I can't speak for anyone else but for me it's not about trying to be true to myself, it's about trying to say something interesting. It's taking something from inside me - something that was personal - and hopefully making it a little bit more universal, even if it means losing touch with the original or at the very least pushing it further away. That can't be therapeutic.
There's one quote, one truism, I do think is worth remembering. The one about a non-writing writer being a monster courting insanity. Kafka said it. And in those terms, anything that gets you writing, whatever you write, however it plunders your private parts... is therapy.
Anyway, I did some plundering for the always-interesting Paragraph Planet website. It's up today.
I don't think there's a right or wrong answer here, but I suspect the closest might be gamey (or, yes, gamy) - as Star-Lord would say, a bit of both.
We need to know what the detective sees and smells at the crime scene. We may be interested in the textures of that sex scene, or even the tastes (although the smells, I suspect, not so much). And if your character is cracking up in the city street, those sounds - or missing sounds - are going to be pivotal. But if it's not the point of the scene, do we really need to share the full-on, piquant, throbbing, sensory experience? Primary school teachers says yes. Creative writing tutors, no.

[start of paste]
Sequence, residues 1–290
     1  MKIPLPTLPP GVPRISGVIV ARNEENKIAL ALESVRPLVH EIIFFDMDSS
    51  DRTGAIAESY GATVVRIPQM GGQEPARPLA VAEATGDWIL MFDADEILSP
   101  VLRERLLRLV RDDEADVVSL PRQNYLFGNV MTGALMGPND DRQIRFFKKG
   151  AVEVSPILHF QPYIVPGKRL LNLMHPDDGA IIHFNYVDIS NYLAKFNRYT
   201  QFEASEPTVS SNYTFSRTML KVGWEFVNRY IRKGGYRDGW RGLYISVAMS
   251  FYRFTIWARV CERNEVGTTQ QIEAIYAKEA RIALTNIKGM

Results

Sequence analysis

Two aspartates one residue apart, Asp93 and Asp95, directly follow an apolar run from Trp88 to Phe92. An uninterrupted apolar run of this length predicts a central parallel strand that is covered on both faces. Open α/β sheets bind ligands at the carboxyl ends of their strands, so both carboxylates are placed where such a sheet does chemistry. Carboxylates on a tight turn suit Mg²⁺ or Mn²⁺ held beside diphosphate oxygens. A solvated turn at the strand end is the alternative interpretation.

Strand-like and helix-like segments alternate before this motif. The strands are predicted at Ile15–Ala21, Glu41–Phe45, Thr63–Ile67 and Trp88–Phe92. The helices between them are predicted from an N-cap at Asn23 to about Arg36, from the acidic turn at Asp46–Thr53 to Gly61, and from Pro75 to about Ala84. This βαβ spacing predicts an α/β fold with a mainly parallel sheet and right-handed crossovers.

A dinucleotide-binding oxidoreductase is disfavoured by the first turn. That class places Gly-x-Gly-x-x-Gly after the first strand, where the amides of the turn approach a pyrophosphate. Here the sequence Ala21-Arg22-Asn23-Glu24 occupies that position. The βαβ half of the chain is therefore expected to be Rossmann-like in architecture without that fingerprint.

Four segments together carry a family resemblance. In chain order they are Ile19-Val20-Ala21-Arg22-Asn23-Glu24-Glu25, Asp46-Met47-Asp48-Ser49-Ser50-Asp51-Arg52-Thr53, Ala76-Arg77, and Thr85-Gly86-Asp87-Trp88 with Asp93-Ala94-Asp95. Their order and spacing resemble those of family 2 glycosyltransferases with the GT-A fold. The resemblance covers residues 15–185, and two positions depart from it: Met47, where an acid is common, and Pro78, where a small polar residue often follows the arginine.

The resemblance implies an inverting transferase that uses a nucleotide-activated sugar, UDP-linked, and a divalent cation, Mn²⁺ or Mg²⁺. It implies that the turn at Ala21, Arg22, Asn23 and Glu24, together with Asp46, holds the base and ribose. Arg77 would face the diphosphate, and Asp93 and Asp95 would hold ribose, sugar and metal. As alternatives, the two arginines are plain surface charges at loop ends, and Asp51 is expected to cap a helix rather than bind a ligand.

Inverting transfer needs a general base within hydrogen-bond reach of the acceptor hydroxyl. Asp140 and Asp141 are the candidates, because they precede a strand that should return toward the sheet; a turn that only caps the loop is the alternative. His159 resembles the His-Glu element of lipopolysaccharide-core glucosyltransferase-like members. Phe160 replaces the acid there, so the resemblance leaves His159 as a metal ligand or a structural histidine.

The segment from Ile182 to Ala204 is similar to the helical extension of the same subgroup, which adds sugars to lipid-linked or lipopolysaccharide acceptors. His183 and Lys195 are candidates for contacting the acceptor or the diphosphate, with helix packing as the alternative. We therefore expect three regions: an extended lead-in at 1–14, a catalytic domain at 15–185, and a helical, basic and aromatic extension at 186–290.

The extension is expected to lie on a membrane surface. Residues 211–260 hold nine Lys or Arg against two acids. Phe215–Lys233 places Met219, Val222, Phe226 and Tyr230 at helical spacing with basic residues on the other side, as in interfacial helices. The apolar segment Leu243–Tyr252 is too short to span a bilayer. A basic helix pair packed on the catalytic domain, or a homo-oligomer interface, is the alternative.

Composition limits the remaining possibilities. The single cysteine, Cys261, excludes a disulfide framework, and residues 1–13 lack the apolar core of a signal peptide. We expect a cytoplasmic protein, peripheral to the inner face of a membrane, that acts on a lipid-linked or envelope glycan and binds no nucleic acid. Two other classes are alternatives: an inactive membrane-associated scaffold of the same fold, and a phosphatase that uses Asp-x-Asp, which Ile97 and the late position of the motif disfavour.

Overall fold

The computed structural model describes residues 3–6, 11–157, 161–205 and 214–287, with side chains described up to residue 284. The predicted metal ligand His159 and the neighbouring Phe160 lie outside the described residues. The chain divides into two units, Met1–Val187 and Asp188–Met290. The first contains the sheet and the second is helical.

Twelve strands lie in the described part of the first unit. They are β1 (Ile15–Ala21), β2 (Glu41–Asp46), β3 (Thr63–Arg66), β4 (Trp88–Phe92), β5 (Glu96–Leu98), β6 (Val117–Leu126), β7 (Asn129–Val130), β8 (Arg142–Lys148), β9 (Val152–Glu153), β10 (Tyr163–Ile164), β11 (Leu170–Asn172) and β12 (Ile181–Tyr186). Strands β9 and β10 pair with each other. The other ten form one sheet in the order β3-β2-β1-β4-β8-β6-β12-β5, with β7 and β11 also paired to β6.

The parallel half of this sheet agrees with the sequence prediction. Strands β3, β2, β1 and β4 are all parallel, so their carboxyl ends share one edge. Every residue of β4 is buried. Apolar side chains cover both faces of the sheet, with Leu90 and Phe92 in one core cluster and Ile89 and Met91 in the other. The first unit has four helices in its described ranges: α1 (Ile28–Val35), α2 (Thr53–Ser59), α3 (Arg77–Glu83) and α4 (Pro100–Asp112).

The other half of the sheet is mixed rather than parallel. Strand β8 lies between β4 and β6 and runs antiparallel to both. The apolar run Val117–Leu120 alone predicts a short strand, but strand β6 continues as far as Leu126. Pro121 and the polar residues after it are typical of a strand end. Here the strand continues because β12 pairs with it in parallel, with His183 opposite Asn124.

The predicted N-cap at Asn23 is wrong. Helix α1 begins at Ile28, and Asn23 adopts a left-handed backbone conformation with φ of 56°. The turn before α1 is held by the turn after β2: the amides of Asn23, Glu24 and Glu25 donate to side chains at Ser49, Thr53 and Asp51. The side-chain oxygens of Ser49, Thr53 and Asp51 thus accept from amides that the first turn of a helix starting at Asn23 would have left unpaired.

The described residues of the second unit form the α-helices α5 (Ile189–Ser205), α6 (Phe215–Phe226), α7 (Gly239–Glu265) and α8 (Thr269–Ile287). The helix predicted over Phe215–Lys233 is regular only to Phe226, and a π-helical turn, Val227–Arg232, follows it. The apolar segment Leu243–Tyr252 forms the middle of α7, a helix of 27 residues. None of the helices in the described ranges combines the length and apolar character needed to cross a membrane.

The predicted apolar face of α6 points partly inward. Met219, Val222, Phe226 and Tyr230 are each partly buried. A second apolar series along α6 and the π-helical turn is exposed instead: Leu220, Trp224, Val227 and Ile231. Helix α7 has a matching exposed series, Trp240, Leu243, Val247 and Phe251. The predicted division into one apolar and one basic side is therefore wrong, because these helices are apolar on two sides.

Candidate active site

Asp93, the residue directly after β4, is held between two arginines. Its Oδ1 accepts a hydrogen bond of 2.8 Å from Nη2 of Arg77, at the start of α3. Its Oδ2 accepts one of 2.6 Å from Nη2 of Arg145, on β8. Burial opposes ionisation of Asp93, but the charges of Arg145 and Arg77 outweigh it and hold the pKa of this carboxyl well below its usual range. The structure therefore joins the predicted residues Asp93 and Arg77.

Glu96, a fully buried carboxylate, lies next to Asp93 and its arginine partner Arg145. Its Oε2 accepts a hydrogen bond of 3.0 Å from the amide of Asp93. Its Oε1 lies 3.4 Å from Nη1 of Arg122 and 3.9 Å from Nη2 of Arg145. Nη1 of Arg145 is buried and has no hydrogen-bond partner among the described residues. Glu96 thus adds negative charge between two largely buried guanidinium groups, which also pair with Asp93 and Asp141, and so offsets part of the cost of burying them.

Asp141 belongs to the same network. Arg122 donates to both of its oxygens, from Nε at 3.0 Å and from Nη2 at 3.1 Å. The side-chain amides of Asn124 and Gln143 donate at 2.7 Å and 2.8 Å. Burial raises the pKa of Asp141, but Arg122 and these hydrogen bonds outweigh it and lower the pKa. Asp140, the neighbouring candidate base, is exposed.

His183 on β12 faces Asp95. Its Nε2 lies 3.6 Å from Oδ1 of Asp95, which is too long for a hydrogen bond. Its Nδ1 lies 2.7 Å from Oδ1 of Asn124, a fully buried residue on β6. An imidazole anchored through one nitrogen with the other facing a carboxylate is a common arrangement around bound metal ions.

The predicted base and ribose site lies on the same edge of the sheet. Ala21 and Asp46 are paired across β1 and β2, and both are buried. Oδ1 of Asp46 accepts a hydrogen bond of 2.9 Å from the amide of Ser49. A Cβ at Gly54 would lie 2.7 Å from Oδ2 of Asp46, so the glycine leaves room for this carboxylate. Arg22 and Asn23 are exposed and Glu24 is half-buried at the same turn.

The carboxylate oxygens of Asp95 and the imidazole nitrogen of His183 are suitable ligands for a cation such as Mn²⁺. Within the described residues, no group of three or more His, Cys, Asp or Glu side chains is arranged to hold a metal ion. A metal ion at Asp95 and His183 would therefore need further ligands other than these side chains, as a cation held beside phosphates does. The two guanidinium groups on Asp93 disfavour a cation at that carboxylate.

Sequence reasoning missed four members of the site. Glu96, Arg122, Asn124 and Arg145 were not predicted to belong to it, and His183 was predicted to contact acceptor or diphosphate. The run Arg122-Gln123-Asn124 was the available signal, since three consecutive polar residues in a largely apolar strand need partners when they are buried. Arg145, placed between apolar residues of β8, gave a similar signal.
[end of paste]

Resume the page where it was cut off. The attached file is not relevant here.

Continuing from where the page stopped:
To the rescue, once again, comes a writing challenge from Chris Fielden's website, this one called Allen's Sensory Overload Challenge. As the name makes plain, it's an opportunity to overdo the sensations and, in the process, to highlight where you might need to exercise more restraint in your 'proper' writing. Or not. Give it a go - it's free and in a good cause. My contribution is Story 065.
This is a great challenge. 75 words (including the title) - it can be a piece of flash fiction, the opening of a novel or whatever you like, as long as it stands up as a story.
To my mind, with such a limited word count, I reckon the thing to aim for is to suggest that there's a bigger story going on beyond that one paragraph, without looking like you've tried to cram one in. But that's just my interpretation.
Check out Paragraph Planet. They've published my story Seventy-Six today.
I've been writing for as long as I can remember (I think my first letter was a P). I got a degree writing about other people's writing and ever since then I've earned a living writing commercially, one way or another. But I never stopped writing and refining my own stuff. I just didn't do anything with it, until now.